Q. Tell us about yourself as a person.
I live in a rural town in Australia, 500km north of Sydney. Wife & 4 kids, working full time as an accountant for a local company. I studied a bachelor of arts at university, majoring in ancient history.
Q. How did you get into writing?
I’d read a ton of star wars books and a heap of my father’s older classics, then moved onto some harder sci-fi. The more I read the more I thought ‘that’s not how I would do it.’ I wanted to start telling stories my way, pulling ideas from all my ancient history studies and from reading science articles and hard sci-fi, then blending it all together.
Q. What kind of fiction do you write?
Haha, I did get carried away didn’t I?
I write mostly futuristic science fiction short stories, set in different sub-genres such as time travel, space opera, hard sci-fi exploration etc., always trying to put a unique and/or humorous spin on things without seeming too strange. I also dabble in fantasy (modern demon invasions, weird fridges).
Q. Who are some of your favorite well-known authors?
Alistair Reynolds – his worlds and ideas are fantastic
Iain M Banks – the Culture novels are some crazy fun
Stephen Baxter – great hard sci-fi ideas
Peter F Hamilton – I somehow managed to read his Night’s Dawn trilogy/giant door stoppers 3 times over 3 years.
Q. Any indie authors you especially like?
Apart from yourself? I honestly haven’t read a lot of indie books yet (I don’t have a lot of time at all to read anymore ) but A Ritual of Bone by Lee C. Conley stands out to me so far.
Q. Traditional vs indie: which do you think is better? (Edit: I clarified the question to mean traditional vs. self-publishing)
Indie, definitely. As long as authors know what they’re getting themselves into – i.e. Indie costs money, Trad costs control, I love having control over my stories and books. The ability to change prices, covers and set promotional strategies is almost as fun as writing the books themselves but a lot of work.
Sometimes I wonder if Trad would be better to save time/money and let the publisher do the promotions and editing but then even Trad books fail and often don’t promote effectively to their readers.
Q. Where do you get your ideas from?
Lost Embers was supposed to be ‘Star Wars with shotguns,’ using semi-realistic technologies I pulled from Michio Kaku’s ‘Physics of the Impossible’ book.
I hated The Hunger Games movie and thought I could do better and at the time the Olympics was on. I combined those with my love of total war and homeworld pc games to come up with ‘Wargames of the Shellworld.
‘Astronaut’s Teeth’ was my attempt at an answer on a question on Quora – ‘what would you do if you were sent into the past and stuck there but could live forever.’ The answer? I’d have to be an insane, bored drunkard keen on pulling pranks on famous people throughout history.
Q. What helps you write? Music, doodling, etc? What about tools like Word, dictionaries, etc?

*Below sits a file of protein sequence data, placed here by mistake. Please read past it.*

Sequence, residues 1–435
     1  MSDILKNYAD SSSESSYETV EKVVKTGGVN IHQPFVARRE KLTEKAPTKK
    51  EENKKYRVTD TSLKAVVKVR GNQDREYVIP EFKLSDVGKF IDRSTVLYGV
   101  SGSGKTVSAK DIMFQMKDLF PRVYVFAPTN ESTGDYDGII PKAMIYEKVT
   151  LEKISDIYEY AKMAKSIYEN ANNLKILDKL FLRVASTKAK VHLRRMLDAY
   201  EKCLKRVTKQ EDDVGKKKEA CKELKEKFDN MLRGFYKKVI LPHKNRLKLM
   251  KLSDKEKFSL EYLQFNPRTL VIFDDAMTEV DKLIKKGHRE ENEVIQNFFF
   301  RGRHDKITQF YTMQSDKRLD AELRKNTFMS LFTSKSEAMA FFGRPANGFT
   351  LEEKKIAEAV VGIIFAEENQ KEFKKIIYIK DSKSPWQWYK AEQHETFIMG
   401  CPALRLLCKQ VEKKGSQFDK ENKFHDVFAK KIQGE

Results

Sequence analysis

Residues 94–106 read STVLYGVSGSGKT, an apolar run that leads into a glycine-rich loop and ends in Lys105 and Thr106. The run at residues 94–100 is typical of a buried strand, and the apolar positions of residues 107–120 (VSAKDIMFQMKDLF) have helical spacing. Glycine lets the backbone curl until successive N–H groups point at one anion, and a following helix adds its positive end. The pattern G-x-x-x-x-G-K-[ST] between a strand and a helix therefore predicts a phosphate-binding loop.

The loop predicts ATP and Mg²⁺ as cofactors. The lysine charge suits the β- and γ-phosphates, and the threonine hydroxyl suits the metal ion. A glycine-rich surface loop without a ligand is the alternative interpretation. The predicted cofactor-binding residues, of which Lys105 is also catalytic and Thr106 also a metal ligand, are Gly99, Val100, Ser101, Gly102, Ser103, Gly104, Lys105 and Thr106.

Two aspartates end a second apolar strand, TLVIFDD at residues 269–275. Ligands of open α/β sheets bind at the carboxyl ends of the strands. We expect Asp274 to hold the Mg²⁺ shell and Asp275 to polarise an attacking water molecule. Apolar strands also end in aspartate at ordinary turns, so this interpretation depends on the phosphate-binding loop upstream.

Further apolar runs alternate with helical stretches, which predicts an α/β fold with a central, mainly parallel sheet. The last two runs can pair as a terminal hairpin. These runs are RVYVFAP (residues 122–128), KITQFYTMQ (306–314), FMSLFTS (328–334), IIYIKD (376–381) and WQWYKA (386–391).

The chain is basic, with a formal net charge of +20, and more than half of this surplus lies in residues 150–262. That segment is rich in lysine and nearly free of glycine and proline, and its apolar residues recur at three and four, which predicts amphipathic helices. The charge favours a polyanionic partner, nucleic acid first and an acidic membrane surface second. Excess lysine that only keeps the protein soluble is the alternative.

What helps me write? Music, definitely, without lyrics. I’ve been enjoying a lot of ‘soothing’ dubstep and like some classical or a blend of both.
I used to draw some of the vehicles in my stories for a bit of inspiration but havn’t done that for a while now.
I do all of my writing in word online and store it in One drive and on my home pc. Then, before doing a final edit I run it through the free version of grammarly to catch any of the more obvious errors and send it out to my Beta Readers/editors for a closer look, when they’re available…
Q. Do you follow traditional guidelines when it comes to writing, or is there anything in particular you do different?
Seriously though, some of my stories use a three or five act arc but I have a bad habit of just writing whatever I want and then trying to edit it to make it seem as though it’s normal. Case in point, ‘Hand Crank Starship,’ where I had a fun idea I just had to write, wrote it, and, basically, kind of, forgot to add a proper ending. (I THINK that’s fixed now…)
Q. What do you bring to the table that’s different from other authors?
I like to think I bring bizarre, absurd, funny ideas set against deadly, sometimes apocalyptic situations at a fast, entertaining pace.
Q. What would you advise newbie indie authors to do different?
If they have the time, write as much as they can and start making connections with other writers and readers as early as you can before publishing anything.
Q. Final moment to give a shout out to anyone in particular and tell us how we can follow you and your work.
Shout out to my Dad and my brother Brendan for getting me started on this journey and helping with ideas and editing, to my mate Michael and my mother for supporting me with each book and especially my wife, Sarah, for putting up with my current writing obsession.
If anyone wants to follow me on this journey they can visit me at my facebook author page https://www.facebook.com/Andrew-McGregors-Author-Page-609945319448643/
join my newsletter that I rarely do (oops) https://mailchi.mp/bb117aa584f2/andrewmcgregorsciencefictiontales
Or email me directly at email@example.com